- Republican Rep. Dennis Ross ripped the so-called "Dumbledore's Army" at the Consumer Financial Protection Bureau.
- He wrote a letter to acting director Mick Mulvaney blasting the group.
- Ross made a number of Harry Potter-themed references in the letter.
Republican Rep. Dennis Ross of Florida took aim Thursday at the group of employees who have labeled themselves "Dumbledore's Army" in an effort to resist a President Donald Trump-appointed acting director at the top consumer watchdog agency.
In a letter to Mick Mulvaney, the acting director of the Consumer Financial Protection Bureau, Ross blasted the group as "a group of government employees engaging in fantasy play on the public dime."
The letter, provided to Business Insider, contained a litany of references to the "Harry Potter" children's book series, which is where the "Dumbledore's Army" label originated. Ross even included a Hogwarts watermark on the letter.
"Such an effort would be laughable if it didn't offend the core principles of our great nation," Ross, a member of the House Financial Services Committee, wrote. "Americans expect public servants and federal agencies to abide by the rule of law rather than be enchanted with the authority they have summoned out of thin air. As public servants, CFPB employees must act in a good-faith, transparent manner, rather than attempt to hide their work in some cloak of invisibility."
"Such measures of accountability will help us ensure that the CFPB will engage in regulation based on established law, rather than conjured authority," he added.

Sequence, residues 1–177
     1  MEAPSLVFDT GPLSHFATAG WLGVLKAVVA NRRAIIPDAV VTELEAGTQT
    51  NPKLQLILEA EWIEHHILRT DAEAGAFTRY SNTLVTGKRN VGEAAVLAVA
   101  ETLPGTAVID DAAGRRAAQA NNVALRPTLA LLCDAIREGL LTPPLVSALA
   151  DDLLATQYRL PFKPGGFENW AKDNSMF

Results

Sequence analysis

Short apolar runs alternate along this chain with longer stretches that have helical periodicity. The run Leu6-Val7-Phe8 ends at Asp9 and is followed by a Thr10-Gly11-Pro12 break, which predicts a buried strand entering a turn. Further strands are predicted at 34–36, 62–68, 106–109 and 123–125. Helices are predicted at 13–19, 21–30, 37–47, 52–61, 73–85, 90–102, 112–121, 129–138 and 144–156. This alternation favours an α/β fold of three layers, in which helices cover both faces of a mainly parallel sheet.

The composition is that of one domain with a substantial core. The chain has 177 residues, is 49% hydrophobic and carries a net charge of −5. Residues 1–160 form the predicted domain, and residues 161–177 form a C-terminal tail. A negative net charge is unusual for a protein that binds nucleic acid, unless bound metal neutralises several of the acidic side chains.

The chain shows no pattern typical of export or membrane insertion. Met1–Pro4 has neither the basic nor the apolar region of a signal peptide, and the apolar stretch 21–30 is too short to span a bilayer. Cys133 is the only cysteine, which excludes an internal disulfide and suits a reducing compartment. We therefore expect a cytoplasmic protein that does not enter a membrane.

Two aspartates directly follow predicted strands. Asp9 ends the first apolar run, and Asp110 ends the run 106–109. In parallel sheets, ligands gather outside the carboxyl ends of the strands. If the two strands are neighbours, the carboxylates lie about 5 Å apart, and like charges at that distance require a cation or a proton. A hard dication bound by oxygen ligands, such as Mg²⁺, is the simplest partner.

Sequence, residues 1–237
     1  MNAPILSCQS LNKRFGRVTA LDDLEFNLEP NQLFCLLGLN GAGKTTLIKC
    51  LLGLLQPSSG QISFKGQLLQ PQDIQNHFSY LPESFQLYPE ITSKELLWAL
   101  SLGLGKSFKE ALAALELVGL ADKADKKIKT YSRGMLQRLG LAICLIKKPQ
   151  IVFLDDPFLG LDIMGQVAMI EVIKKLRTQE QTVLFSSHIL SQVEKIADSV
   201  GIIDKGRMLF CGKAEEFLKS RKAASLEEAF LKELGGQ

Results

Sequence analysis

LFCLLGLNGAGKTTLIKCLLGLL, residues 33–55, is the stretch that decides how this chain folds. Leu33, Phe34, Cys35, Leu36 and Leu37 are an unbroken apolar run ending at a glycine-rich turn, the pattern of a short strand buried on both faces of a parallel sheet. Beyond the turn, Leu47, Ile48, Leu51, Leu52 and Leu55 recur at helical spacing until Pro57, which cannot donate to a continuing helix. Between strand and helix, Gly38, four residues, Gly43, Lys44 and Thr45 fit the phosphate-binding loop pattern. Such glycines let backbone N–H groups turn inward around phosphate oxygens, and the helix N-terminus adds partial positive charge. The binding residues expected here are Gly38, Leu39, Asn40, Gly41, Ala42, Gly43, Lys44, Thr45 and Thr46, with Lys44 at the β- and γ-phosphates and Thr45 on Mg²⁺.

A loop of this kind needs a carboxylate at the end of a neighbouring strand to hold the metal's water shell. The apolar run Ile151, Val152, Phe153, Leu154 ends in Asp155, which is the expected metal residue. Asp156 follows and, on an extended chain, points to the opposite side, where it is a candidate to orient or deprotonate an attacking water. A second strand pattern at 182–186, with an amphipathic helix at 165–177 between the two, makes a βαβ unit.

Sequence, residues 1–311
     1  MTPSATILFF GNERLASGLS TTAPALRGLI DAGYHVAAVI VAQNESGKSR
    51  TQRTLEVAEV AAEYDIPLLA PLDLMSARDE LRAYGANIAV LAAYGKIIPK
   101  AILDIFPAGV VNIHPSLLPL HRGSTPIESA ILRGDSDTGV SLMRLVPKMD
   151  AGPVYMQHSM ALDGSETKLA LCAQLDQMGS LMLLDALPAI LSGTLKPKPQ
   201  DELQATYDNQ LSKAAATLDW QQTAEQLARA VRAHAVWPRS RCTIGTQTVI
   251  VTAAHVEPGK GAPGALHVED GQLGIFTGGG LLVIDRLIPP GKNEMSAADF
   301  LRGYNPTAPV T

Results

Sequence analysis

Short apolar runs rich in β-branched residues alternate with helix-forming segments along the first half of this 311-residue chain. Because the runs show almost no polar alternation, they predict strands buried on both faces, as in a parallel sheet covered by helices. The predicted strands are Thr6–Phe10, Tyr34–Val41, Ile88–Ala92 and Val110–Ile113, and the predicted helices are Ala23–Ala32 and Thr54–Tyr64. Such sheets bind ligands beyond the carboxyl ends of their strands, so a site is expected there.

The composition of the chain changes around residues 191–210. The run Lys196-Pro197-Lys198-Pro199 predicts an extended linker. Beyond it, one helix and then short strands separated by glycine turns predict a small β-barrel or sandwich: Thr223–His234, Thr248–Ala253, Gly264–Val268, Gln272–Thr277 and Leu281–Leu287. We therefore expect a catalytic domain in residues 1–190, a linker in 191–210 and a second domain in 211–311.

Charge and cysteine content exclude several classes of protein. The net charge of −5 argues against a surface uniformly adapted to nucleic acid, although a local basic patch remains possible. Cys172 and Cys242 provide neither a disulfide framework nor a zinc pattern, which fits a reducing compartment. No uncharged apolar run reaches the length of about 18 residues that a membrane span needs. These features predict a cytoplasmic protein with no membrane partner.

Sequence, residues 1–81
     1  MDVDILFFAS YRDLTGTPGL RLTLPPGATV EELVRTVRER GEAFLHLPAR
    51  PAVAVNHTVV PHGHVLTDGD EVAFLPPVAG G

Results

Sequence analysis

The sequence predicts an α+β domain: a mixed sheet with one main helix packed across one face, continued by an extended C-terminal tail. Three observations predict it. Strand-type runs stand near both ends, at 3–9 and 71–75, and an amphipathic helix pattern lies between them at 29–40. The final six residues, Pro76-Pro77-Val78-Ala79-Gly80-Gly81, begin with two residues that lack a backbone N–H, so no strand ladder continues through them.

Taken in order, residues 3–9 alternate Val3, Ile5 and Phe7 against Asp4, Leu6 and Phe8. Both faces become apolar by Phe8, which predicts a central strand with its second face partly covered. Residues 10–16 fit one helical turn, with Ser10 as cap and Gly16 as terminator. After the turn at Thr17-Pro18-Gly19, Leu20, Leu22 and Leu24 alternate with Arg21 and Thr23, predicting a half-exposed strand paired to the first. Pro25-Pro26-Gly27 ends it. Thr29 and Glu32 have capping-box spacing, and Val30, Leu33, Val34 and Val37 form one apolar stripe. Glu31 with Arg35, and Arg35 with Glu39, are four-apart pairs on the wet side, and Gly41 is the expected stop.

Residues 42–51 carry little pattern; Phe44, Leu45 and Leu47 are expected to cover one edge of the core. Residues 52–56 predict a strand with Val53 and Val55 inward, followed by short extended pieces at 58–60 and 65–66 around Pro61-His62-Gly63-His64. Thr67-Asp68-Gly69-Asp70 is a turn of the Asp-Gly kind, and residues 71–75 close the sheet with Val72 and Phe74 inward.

The New York Times reported on the existence of the "Dumbledore's Army" group in a Wednesday story. Amid recent turmoil at the agency, several employees formed the group to resist Mulvaney. In the "Harry Potter" series, the army served as a secret resistance force.
"Like you, I believe that a flourishing consumer market requires the empowerment of everyday Americans to choose the financial instruments that best suit their needs, instead of having some wizard pick and choose winners out of a magical sorting hat," Ross wrote to Mulvaney.
How we got here
In his first days on the job, Mulvaney, who is also in charge of the Office of Management and Budget, has moved to rapidly change the agency, which he promised upon taking the reins. The acting director placed a moratorium on the approval of payments to some financial crime victims, froze hiring and all new rules and regulations, and called for a reviews of all active investigations and litigation.
The skirmish over the CFPB's future began the Friday after Thanksgiving when outgoing director Richard Cordray named his deputy, Leandra English, as acting director. Trump then announced Mulvaney as acting director.
Both sides then battled over who had the legal authority to name the successor. Democratic Sen. Elizabeth Warren, who championed the creation of the agency, and her allies cited language in the 2010 Dodd-Frank Act as proof that Cordray, nominated by President Barack Obama, was in the right, while the Trump administration and its allies said the 1998 Federal Vacancies Reform Act usurps Dodd-Frank.
Dodd-Frank says the bureau's deputy director shall "serve as acting director in the absence or unavailability of the director." The heart of the legal dispute is whether "absence" or "unavailability" in Dodd-Frank means a vacancy, as is the case here.
The general counsel for the CFPB sided with the Trump administration on the matter.
English filed a lawsuit in federal court in which she called herself the "rightful acting director" and sought a temporary restraining order to prevent Mulvaney, who once called the agency a "sick, sad" joke, from fulfilling Trump's appointment. A judge ruled in favor of the Trump administration last week, and the issue is being further litigated.
Mulvaney can serve as acting director until a Trump nomination for the post can be confirmed by the Senate, which could take months.